Wednesday, March 11, 2015

Pärnu, Estonia

Pärnu is a small city in southwestern Estonia that sits on the Gulf of Riga.  The city is a popular vacation getaway and its beach is a big hit with Estonians, as well as, with Finnish and Russian tourists.

Pärnu was founded in 1251 and it is home to just over 41,000 people.

The city is roughly half way between Tallinn and Riga.  A 2.5 hour trip from either capital city makes for a good day trip.

The Monument to the Proclamation of Independence of the Republic of Estonia was unveiled in 2008.  It's a life size replica of the balcony where Estonia first proclaimed independence in 1918.

The Eliisabet Church was built in 1747 and inaugurated in 1750.  It is reputed to have one of the best organs in the country and the church is popular for concerts.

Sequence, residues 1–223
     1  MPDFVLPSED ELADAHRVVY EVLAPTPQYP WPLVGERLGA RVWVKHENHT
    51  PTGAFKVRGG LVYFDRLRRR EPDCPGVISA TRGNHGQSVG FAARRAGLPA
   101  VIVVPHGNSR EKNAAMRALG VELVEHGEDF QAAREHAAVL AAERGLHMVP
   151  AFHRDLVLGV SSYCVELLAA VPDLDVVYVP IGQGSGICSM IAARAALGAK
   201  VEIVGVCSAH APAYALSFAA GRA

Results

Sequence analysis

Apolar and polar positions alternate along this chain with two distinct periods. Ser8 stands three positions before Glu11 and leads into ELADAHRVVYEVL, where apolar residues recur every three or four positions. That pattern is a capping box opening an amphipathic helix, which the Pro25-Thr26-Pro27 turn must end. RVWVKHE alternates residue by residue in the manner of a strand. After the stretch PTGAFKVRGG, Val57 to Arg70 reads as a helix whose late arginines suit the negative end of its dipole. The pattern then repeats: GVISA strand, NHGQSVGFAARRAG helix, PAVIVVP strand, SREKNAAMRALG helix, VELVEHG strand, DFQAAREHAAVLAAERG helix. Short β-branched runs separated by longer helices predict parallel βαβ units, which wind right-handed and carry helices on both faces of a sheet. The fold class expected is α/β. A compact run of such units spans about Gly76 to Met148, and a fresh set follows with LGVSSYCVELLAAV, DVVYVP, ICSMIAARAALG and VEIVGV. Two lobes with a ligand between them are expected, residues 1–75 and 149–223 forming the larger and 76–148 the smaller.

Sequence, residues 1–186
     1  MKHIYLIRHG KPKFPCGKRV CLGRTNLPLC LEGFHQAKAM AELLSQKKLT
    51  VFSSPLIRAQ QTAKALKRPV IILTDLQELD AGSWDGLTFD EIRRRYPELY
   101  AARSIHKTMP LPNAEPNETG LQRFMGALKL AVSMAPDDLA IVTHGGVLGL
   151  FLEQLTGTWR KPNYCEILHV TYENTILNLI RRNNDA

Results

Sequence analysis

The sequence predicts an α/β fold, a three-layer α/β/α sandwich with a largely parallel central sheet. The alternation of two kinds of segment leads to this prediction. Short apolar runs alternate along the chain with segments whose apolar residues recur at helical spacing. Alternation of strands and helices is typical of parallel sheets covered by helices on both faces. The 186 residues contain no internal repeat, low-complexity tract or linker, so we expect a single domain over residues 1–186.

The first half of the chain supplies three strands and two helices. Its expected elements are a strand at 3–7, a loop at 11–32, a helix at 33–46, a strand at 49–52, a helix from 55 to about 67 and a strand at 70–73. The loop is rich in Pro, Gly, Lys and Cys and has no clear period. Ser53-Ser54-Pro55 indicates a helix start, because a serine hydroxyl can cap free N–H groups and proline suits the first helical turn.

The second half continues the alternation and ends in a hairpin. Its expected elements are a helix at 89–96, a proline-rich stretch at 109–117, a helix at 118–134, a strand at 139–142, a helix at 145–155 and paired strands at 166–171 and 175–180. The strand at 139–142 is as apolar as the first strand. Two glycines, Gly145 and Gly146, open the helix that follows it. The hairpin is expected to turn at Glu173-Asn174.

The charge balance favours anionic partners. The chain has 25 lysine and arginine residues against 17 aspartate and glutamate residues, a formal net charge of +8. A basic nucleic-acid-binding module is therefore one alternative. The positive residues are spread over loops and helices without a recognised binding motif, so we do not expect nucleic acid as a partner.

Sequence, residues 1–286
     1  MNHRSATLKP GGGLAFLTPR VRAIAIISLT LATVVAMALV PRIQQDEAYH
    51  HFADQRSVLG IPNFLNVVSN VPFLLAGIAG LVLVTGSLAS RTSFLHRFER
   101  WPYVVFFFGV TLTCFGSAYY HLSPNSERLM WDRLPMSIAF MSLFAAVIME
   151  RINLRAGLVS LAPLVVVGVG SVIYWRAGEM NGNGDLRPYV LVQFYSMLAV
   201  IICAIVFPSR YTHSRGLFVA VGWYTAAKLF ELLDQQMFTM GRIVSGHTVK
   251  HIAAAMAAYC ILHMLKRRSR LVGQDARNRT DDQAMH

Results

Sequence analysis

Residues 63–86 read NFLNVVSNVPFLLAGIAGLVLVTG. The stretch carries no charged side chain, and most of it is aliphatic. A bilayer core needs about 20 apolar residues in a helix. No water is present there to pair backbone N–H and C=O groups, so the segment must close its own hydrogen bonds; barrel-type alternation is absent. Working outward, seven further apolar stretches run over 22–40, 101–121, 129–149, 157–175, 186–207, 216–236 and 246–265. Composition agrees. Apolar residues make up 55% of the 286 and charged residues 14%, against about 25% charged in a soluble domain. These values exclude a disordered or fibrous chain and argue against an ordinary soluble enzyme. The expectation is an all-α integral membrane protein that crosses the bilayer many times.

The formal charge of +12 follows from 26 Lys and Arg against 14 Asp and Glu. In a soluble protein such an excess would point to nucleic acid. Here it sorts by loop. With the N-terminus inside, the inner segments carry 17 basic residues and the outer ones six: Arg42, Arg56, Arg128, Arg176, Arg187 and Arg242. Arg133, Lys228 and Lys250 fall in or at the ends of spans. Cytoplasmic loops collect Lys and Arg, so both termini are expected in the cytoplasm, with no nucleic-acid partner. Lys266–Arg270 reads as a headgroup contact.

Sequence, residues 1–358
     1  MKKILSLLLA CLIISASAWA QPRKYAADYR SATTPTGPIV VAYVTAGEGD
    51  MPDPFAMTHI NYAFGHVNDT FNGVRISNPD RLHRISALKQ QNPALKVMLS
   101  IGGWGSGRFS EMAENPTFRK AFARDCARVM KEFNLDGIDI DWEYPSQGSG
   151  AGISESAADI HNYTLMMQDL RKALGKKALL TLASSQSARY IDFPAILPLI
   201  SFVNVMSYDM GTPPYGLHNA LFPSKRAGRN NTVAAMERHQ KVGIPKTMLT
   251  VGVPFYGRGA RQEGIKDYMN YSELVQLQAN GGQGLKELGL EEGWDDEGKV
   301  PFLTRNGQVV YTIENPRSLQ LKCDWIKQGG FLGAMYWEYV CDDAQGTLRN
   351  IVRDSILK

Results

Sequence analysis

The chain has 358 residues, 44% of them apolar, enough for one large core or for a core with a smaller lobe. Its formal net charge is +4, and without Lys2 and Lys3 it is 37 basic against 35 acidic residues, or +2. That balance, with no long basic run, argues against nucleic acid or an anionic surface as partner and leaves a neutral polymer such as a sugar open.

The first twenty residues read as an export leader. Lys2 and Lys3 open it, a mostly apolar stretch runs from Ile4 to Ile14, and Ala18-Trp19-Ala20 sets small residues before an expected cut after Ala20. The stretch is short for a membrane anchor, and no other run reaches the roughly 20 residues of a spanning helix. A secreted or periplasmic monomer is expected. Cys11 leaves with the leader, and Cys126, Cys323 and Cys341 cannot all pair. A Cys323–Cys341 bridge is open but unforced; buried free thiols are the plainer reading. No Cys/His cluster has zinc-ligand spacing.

The Church of Jekaterina is a beautiful Baroque church.  The church was built in 1768 with financing provided by Russian Empress Catherine II.

The Tallinna Gate is the city's last remaining gate.  The Baroque gate was part of the city's medieval fortification system.

The Pärnu Town Hall dates back to 1797.

The August Jakobson Memorial was completed in 1973.  It commemorates the Estonian writer, politician and social activist.

The statue of Johann Voldemar Jannsen was unveiled in 2007.  He was a famous writer and also penned the words of the Estonian national anthem.

The Red Tower was built in the 15th century and served as a prison. 

The beach is what brings people to the town.  March, however, isn't exactly beach weather.

I've never seen frozen waves before.  Absolutely incredible!  There were even signs posted to warn people about walking on the ice.

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